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Hardship in exile no bar to journalists exposing abuse and violence

June 26, 2013

Journalists fleeing violence and imprisonment find political asylum, but have to face formidable odds to survive in the country of exile. Despite such hardships, by using the media tools available in their adopted home, they document and publicise the abuses and suffering in the country they fled.
In a statement on the eve of World Refugee Day on June 20, the New York-based Committee to Protect Journalists (CPJ) said that over the past 12 months it had helped 55 journalists to escape persecution. The statements addressed two main reasons for the exodus: fear of violence and fear of imprisonment. Iran (9) and Somalia (8) witnessed the highest number of fleeing journalists, “followed by Ethiopia, Syria, Eritrea, Mexico, Sri Lanka, Sudan and 13 others.”
It is noteworthy that two journalists from among this group of countries are recipients of the Peter Mackler Award for Courageous and Ethical Journalism – Karla Rivas from Mexico (2011) and J. S. Tissainayagam from Sri Lanka (2009).
Violence against journalists was highest in Syria where 28 journalists were killed in the line of duty in 2012 and CPJ assisted five to flee the country, although the exact number is difficult to ascertain due the armed conflict there. CPJ said it had supported 18 journalists to flee into exile over the years. Syria is followed by Somalia where 12 were killed last year and 70 journalists have fled the country from 2008.
The second important reason for flight is journalists fearing imprisonment. In 2012, Turkey’s prisons held the highest number of journalists, (49) with Iran (45) close on its heels. CPJ said it has assisted five Iranian journalists to flee the country.
CPJ says that an important reason that journalists decide to flee is the impunity media-persecuting government officials enjoy. It pointed to a correlation between countries with a high rate of exodus and high levels of impunity: “Countries with high impunity rates often see an increase in violence because perpetrators feel emboldened by the slim chances of being caught. The result is self-censorship and exile.”
Mexican journalist Veronica Basturo, whose family was threatened with murder, was assisted by CPJ to flee in 2012. “Like Basurto, most of the journalists fled into exile only as a last resort, leaving behind careers, livelihoods, and family to escape forms of intimidation including violence, imprisonment, and threat of death,” said CPJ.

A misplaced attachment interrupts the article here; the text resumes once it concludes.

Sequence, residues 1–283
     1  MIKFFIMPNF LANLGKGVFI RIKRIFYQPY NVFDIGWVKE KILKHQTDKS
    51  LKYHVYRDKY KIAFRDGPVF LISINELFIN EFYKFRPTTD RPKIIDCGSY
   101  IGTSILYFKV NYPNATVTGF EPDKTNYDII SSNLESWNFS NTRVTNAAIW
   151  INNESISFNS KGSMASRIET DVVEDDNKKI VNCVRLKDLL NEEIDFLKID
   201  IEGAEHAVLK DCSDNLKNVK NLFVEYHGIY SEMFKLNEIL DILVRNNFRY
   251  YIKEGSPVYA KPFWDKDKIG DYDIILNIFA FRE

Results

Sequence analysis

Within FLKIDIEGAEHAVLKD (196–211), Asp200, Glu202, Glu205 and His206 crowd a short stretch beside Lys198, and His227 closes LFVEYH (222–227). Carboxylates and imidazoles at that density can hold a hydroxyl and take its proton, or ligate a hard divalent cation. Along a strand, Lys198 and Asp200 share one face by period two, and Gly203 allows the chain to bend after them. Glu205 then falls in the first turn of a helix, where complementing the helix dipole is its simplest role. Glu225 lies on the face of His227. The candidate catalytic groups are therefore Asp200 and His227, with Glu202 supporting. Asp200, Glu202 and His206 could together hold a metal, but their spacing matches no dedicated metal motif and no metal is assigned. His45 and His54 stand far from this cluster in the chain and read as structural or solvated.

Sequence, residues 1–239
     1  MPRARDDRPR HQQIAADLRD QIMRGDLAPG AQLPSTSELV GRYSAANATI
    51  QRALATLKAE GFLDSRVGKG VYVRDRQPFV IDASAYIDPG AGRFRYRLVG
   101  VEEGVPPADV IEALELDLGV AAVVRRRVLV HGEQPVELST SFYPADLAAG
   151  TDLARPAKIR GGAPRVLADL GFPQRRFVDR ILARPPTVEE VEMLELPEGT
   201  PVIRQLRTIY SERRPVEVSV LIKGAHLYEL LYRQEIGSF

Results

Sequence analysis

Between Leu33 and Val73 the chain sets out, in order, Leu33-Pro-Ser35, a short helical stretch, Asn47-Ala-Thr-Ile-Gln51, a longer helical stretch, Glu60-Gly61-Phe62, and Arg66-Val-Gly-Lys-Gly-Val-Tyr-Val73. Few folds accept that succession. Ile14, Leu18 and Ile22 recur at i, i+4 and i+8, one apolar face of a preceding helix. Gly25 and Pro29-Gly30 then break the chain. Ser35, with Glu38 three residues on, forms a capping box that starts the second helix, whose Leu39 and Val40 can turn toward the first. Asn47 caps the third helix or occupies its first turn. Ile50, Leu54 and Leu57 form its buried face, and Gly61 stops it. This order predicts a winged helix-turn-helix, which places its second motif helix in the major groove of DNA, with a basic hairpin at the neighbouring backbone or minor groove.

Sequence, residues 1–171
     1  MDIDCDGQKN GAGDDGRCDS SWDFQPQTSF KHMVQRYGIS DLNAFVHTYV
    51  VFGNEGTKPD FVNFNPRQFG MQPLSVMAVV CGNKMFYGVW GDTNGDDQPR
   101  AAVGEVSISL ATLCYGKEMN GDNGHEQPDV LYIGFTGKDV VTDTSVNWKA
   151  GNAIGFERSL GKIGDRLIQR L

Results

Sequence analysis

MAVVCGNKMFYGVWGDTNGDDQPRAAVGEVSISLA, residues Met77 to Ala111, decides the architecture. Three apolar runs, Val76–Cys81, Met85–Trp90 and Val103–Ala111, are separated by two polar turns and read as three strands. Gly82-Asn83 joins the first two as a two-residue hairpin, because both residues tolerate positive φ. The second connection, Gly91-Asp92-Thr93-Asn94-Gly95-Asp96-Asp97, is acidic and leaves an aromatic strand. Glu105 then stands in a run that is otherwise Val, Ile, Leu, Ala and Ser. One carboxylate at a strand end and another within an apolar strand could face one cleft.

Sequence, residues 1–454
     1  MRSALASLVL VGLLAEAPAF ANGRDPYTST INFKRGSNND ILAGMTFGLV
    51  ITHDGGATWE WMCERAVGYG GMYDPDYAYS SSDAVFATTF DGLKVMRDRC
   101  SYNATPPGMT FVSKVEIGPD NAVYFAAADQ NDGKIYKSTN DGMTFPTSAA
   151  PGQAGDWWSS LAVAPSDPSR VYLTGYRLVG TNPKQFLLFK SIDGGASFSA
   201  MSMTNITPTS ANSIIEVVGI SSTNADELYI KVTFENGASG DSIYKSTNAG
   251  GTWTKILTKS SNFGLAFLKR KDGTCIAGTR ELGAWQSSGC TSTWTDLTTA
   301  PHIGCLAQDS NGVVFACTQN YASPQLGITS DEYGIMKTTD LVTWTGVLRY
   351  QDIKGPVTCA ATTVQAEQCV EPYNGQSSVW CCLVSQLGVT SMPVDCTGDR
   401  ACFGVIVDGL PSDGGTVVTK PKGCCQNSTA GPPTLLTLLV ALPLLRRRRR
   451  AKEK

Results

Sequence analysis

While some journalists find asylum overseas, they often face great hardship in finding work, in the naturalisation process and lack of social support. Reporters without Borders (RSF) based in Paris, brought the plight of exiled journalists to the attention of the UN Commissioner Human Rights (UNHCR).
“We call on UNHCR … to establish an alert mechanism with a designated referral officer within each of its local offices so that cases involving refugee journalists and human rights activists can be identified and handled more quickly because they are particularly exposed to danger,” RSF said. The letter included two more recommendations: to upgrade security to journalists in initial countries of refuge because they may continue facing threats from government of their countries of origin and for expeditious access to individual protection and resettlement in their country of adoption.
RSF has also updated guidelines for journalists seeking asylum in the USA or Europe on procedures, requirements and information to help journalists start life again.
Despite the persecution they experienced back home and daunting odds as they try to make a living as refugees, journalists in exile continue to fight for freedom, human rights and justice in the land from which they were uprooted. They use the internet, social media, radio and other platforms in their country of exile to inform the international community of the dire conditions in their home countries.
The Center for International Media Assistance (CIMA), a project of the Washington-based National Endowment for Democracy (NED) compiled a report on the exiled journalists and their importance for promoting democracy and human rights.  Writing in the 2011 its author Bill Ristow observed, “[t]heir (journalists in exile) successes are manifold. They include numerous examples such as those above, in which the exile organizations have had a direct impact on events in their homelands. Beyond that, many international journalism experts argue the importance of the exile media includes informing the outside world of what’s happening to their countrymen, and nurturing a structure of independent journalism that someday could be re-established at home.”
For those interested, a celebration of the bravery and steadfastness of four Sri Lankan journalists exiled in Europe and the USA is Silenced Voices, a documentary by director Beate Arnestad.
Dispatches from AFP concerning freedom of information, censorship and news coverage in regions where independent media is under threat.